Erik Larson, the highly popular author of many riveting nonfiction books including Isaac’s Storm, about a deadly hurricane, and In the Garden of Beasts, about an American family in Hitler’s Berlin, is particularly eloquent on the subject of original research. As he explained to an interviewer at BookPage, “…you have to go to the places and get a sense of what’s there, even though there may not be much left. I didn’t know Chicago before I started writing The Devil in the White City. Suddenly, I’m [there] doing this research for this book, and one of the things that leapt out at me was the power of the lake in defining the city. Not just how the day looks — the light in summer, say — but the shifting moods of the lake at any one time. That became very important to know and to see. I like to think the lake is a character, a quiet character. I think it would be a different book without my having seen the lake. Subtle, intangible things matter.”

Unlike The Martian’s Weir, there are fiction writers who do feel the need for reportorial experience. Edna O’Brien told the New York Times that for her most recent novel, The Little Red Chairs, about a Balkan war criminal in hiding, she attended part of Serbian war criminal Radovan Karadzic’s trial in the Hague, visited shelters for refugees in London, listened to countless stories, and spent time at a dog shelter where part of one of the character’s story is set. (Ah, that sounds expensive again.)

Donna Tartt enriched her Pulitzer Prize-winning novel, The Goldfinch, not just with her imagination but also with information gleaned from the Allen Room of the New York Public Library — just a subway token away. “Basically I can learn almost anything from a library book,” Tartt told an interviewer from GoodReads. “Though I hate team sports and have never in my life willingly watched a football game from start to finish, I taught myself about sports betting from a library book — well enough that I did all right in the football pools at my local bar last fall, and this without ever watching a game.”

The indefatigable nonfiction chronicler Bill Bryson is also a big advocate of book research. His casual history, One Summer: America, 1927, has ten pages of Notes on Sources and Further Reading; I saw only one web URL given in all those pages; everything else pointed to books, magazine profiles, and newspaper articles of the era from which he got his background information and facts.*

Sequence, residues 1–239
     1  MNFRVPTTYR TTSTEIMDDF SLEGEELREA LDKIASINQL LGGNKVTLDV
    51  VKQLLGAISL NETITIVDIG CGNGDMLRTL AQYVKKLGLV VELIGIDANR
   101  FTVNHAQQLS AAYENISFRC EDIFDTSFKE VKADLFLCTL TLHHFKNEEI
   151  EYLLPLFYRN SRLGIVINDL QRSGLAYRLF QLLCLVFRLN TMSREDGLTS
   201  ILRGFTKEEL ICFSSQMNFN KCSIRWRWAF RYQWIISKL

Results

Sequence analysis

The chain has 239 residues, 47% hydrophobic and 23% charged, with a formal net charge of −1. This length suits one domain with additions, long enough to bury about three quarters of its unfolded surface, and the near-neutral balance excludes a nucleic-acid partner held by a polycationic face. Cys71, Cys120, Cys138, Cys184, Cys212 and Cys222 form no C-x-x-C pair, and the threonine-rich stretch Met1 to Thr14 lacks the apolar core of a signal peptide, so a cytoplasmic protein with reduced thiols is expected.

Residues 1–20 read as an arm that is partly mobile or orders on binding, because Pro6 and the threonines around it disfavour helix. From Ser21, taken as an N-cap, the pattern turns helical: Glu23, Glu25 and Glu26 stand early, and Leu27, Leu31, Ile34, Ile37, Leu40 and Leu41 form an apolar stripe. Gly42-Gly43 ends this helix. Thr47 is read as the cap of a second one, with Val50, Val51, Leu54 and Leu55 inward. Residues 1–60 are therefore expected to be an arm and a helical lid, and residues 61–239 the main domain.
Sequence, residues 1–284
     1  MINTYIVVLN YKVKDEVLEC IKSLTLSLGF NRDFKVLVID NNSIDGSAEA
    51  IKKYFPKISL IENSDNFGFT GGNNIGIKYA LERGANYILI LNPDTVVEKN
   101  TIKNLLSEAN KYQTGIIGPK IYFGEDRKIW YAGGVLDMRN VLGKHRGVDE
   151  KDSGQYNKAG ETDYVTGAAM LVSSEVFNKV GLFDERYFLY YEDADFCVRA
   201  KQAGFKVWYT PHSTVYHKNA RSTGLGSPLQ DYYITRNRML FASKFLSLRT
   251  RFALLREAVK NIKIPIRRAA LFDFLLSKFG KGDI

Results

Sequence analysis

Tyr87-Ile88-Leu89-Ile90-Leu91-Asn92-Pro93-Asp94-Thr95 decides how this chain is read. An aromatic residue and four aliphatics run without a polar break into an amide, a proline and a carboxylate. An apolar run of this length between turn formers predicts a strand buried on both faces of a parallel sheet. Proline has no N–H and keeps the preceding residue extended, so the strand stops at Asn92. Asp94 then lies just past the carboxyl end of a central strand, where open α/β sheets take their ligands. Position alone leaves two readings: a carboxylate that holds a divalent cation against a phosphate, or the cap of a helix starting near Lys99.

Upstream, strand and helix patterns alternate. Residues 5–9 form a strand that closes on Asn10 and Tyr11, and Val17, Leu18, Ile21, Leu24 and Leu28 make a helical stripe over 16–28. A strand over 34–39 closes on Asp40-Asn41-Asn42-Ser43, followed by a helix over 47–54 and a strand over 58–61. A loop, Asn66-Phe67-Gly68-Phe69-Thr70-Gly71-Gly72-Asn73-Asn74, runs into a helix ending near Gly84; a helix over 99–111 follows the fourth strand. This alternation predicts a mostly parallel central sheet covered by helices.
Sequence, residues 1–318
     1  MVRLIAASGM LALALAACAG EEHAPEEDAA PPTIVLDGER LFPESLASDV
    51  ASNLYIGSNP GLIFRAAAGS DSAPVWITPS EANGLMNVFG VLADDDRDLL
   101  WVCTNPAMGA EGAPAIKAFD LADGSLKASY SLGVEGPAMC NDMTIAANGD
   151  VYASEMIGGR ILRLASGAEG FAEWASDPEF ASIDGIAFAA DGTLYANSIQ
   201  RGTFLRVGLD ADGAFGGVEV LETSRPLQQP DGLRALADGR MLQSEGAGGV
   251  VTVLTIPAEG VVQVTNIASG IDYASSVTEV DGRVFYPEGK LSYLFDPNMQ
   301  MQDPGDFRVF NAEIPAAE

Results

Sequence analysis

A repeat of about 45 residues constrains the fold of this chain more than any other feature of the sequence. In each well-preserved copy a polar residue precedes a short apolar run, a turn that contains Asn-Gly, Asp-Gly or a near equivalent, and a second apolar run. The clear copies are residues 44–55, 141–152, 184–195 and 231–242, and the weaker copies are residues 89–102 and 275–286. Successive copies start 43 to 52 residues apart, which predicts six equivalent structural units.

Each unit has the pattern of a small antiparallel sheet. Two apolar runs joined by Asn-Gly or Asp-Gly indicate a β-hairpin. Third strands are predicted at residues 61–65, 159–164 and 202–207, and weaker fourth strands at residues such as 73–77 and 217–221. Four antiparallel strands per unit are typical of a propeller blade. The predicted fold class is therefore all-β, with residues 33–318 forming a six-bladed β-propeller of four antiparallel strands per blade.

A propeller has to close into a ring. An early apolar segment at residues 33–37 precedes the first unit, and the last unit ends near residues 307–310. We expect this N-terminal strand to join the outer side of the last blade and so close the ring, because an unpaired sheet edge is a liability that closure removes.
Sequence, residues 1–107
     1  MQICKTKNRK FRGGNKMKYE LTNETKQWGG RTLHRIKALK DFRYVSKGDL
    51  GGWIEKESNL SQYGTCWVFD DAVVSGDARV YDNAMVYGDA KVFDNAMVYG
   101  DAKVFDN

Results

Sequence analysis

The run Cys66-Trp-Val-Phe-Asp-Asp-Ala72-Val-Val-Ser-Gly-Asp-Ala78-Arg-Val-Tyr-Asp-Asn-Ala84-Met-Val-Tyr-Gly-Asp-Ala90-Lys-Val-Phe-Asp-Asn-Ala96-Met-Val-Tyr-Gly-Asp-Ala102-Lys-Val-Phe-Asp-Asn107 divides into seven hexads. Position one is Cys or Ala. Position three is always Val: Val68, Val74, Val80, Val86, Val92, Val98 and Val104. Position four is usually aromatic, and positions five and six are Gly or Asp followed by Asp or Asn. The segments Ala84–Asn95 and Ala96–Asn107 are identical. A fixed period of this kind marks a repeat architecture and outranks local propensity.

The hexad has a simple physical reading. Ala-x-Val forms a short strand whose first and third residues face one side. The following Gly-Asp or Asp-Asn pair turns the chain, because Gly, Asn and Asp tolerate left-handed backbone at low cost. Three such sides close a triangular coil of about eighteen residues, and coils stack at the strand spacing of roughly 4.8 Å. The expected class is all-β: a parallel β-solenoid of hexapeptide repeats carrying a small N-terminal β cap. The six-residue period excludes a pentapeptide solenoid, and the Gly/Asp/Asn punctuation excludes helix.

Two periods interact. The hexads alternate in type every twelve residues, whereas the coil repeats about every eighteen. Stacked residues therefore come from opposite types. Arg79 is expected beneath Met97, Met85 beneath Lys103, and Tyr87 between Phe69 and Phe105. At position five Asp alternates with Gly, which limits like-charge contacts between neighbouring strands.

Even Larson, a proponent of on-the-ground, immersive experience, relies on printed and archival material. “The way it starts, for me,” he says, also on BookPage, “is you read the broad stuff, the big survey histories and so forth. You kind of circle in, getting closer and closer to the nub of things by going into what I call the intimate histories — the published diaries, documents, letters — and all the while you’re looking for the right characters. Then you have an idea of who these characters might be; you come down to a half-dozen characters, one of whom could be central to the story. Then it’s time to go to the archives. The Library of Congress is stop one. The manuscript division. It’s a bad thing to plan too far and with too much detail about how much you need and where you should go. There’s no substitute for parachuting in and flailing.”

Whatever your subject, the key thing is to experience it as best you can: jump in, visit the environment, notice the light, smell the air, explore, read, talk to sources. And regardless of your research approach, stay focused.

“The temptation to get diverted into fascinating byways is enormous,” says Simon Winchester, another deep-digging nonfiction pro (The Professor and the Madman, about the making of the Oxford English Dictionary, Krakatoa: The Day the World Exploded, and The Map That Changed the World: William Smith and the Birth of Modern Geology). “You’ve got to keep your eye on the real purpose of writing the book,” he told the San Francisco Chronicle. “In Krakatoa, pepper fascinated me. I wanted to know everything I possibly could about it. You have to sort of slap yourself and say, ‘Now come on! You’re writing about a volcano, you’re not writing about pepper.’”

*All research for this article was gathered from the web with the exception of this, which was done with Bryson’s book in hand.

Copyright (c) 2016 Suzanne Mantell. Please contact the author at smantell@socal.rr.com for permission to reprint.